I was over on Christopher Sessums site today. If you do not have him in your feed, you are missing out. His blog is the perfect mix of art, information and intellect. This post caught my eye:Educational Technology and Teacher Preparation: Bridging Theory to Practice. Chris does a wonderful job of looking at the struggles teacher educators have with technology adoption, which in turn creates a struggle for preservice adoption, which in turn carries over to the classroom. As you can imagine a wonderful, engaging conversation began in the comments. One comment jumped out at me...Kelly says...
Christopher, so much to be done at so many levels. After reading through Will Richarson's discussion with soon-to-be-teachers and having several interns in our school in the past few years, it is clear that the new teachers will not bring about the momentus change in technology use that many thought would happen. From my perspective, we need to look to the people in the middle, those who have been teaching for a while yet who are willing to try new things. To me, they are the best hope. They are not struggling with all the stresses of new teachers nor are near the end of their careers. Most have children that are "wired" all day and see the possibilities of what could be done. We almost need to focus on a retraining program and then have these teachers be mentors. As someone in the middle of my career, I would love to do more work with technology and help others to do it but the time just isn't there no matter how I refine my schedule. As for higher learning, it is in the same rut. We've been waiting for quite a long time for there to be a change in teacher education. It must become a priority and this will only happen once we have gone the next step and begun to hire people who see that technology is important and not an add-on because they live with it. I feel that, until we see a movement in the upper administrative positions in these areas, technology will not be a part of the whole picture.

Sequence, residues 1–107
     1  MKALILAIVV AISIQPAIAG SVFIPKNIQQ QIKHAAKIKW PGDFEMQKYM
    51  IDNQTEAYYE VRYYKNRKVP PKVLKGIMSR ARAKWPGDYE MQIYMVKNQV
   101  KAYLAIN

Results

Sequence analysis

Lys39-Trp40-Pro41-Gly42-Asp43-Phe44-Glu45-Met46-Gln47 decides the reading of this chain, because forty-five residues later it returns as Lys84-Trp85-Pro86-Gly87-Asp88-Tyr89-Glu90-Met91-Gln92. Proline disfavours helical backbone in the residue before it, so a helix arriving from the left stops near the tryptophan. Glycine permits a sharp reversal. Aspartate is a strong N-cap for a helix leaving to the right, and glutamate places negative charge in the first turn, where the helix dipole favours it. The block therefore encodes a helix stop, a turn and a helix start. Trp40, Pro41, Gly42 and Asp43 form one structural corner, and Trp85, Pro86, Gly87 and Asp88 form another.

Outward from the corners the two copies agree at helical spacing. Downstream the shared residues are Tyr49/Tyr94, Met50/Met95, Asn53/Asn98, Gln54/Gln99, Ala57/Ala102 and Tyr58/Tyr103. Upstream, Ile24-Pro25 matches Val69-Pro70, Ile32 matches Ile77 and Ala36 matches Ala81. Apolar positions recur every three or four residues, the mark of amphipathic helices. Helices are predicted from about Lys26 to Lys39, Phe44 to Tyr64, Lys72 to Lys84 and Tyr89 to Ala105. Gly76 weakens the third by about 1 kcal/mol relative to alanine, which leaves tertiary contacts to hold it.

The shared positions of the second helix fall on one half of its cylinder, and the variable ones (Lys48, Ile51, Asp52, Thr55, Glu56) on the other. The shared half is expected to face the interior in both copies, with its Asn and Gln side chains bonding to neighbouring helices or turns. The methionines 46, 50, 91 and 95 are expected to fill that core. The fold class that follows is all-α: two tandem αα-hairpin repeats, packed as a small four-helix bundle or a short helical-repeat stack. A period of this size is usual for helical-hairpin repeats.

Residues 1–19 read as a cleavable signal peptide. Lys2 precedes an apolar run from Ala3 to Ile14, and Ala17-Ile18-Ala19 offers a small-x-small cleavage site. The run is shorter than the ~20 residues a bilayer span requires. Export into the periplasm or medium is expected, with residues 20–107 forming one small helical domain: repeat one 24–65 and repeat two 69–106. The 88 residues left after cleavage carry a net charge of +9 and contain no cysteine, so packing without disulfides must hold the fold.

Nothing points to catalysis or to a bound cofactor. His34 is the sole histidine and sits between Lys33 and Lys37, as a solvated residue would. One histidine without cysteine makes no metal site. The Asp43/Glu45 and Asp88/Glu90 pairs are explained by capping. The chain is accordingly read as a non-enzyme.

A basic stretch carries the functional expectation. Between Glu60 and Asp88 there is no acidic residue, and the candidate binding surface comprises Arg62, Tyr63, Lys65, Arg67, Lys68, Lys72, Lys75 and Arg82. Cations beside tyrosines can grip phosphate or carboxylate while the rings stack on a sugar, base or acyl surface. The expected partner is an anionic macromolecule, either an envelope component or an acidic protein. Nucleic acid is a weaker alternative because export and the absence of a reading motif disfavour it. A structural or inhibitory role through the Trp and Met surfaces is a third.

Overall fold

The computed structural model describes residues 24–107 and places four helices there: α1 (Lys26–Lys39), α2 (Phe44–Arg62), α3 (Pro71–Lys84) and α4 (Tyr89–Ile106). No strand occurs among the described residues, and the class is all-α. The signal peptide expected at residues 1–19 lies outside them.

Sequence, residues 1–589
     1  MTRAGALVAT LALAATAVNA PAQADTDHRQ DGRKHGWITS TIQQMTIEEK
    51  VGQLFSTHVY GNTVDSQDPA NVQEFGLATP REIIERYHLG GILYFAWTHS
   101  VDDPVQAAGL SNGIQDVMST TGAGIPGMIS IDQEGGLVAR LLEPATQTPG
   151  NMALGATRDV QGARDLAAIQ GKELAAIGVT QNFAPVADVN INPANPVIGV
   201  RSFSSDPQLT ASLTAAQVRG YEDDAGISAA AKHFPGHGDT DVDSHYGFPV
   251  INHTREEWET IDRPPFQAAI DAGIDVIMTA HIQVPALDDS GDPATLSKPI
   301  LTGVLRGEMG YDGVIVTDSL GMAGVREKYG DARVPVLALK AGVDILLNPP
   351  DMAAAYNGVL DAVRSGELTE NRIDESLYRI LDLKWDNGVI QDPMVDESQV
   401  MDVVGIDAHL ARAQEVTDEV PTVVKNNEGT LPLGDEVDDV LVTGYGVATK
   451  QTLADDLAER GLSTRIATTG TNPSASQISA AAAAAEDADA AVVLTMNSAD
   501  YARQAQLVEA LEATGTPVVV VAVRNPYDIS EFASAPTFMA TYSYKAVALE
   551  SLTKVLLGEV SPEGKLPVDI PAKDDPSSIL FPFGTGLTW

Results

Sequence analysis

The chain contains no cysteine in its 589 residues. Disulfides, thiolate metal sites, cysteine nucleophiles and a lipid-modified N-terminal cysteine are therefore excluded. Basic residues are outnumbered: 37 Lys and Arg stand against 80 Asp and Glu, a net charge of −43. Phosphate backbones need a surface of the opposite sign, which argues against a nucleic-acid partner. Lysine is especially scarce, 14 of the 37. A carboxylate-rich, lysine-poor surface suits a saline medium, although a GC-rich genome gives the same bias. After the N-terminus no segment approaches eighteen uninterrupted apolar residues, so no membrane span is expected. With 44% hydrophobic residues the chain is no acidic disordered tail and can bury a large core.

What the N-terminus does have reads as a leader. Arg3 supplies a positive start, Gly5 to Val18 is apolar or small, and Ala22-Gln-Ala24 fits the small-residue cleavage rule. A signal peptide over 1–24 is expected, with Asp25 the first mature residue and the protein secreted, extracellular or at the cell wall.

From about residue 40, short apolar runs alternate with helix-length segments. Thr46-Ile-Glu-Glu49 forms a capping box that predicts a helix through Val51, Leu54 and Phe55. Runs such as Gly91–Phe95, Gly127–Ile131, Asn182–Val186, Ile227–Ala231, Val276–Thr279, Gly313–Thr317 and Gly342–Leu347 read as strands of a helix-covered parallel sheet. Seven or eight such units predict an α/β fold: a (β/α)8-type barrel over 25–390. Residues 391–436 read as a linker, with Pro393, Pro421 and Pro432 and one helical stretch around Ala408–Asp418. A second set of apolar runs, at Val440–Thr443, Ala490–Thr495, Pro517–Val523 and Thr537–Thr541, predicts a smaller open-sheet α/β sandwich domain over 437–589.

There were other comments too - all passionate and brilliant laying out well thought ideas. But Kelly's comments and one about tech integration kept gnawing at me. So I responded with this: